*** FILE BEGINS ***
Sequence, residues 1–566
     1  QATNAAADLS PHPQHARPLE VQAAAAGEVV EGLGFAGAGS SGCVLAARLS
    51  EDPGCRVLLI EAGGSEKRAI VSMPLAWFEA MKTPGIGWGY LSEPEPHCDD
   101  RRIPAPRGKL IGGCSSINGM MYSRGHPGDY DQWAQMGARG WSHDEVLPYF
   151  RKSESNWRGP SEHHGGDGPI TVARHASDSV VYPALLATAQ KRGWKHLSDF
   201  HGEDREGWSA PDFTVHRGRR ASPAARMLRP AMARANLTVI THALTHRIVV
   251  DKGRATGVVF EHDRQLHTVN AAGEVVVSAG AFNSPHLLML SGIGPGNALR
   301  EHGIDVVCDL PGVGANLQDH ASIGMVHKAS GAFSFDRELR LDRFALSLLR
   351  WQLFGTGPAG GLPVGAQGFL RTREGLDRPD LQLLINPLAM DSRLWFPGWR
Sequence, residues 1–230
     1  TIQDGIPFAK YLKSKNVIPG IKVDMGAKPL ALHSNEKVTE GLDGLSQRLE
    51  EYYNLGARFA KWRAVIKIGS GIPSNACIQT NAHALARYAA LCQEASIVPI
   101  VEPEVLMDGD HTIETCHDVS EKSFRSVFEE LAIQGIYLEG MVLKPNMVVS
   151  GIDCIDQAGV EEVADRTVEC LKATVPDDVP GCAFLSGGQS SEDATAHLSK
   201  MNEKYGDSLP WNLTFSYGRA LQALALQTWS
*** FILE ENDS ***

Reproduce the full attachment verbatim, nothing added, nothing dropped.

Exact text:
Sequence, residues 1–566
     1  QATNAAADLS PHPQHARPLE VQAAAAGEVV EGLGFAGAGS SGCVLAARLS
    51  EDPGCRVLLI EAGGSEKRAI VSMPLAWFEA MKTPGIGWGY LSEPEPHCDD
   101  RRIPAPRGKL IGGCSSINGM MYSRGHPGDY DQWAQMGARG WSHDEVLPYF
   151  RKSESNWRGP SEHHGGDGPI TVARHASDSV VYPALLATAQ KRGWKHLSDF
   201  HGEDREGWSA PDFTVHRGRR ASPAARMLRP AMARANLTVI THALTHRIVV
   251  DKGRATGVVF EHDRQLHTVN AAGEVVVSAG AFNSPHLLML SGIGPGNALR
   301  EHGIDVVCDL PGVGANLQDH ASIGMVHKAS GAFSFDRELR LDRFALSLLR
   351  WQLFGTGPAG GLPVGAQGFL RTREGLDRPD LQLLINPLAM DSRLWFPGWR
Sequence, residues 1–230
     1  TIQDGIPFAK YLKSKNVIPG IKVDMGAKPL ALHSNEKVTE GLDGLSQRLE
    51  EYYNLGARFA KWRAVIKIGS GIPSNACIQT NAHALARYAA LCQEASIVPI
   101  VEPEVLMDGD HTIETCHDVS EKSFRSVFEE LAIQGIYLEG MVLKPNMVVS
   151  GIDCIDQAGV EEVADRTVEC LKATVPDDVP GCAFLSGGQS SEDATAHLSK
   201  MNEKYGDSLP WNLTFSYGRA LQALALQTWS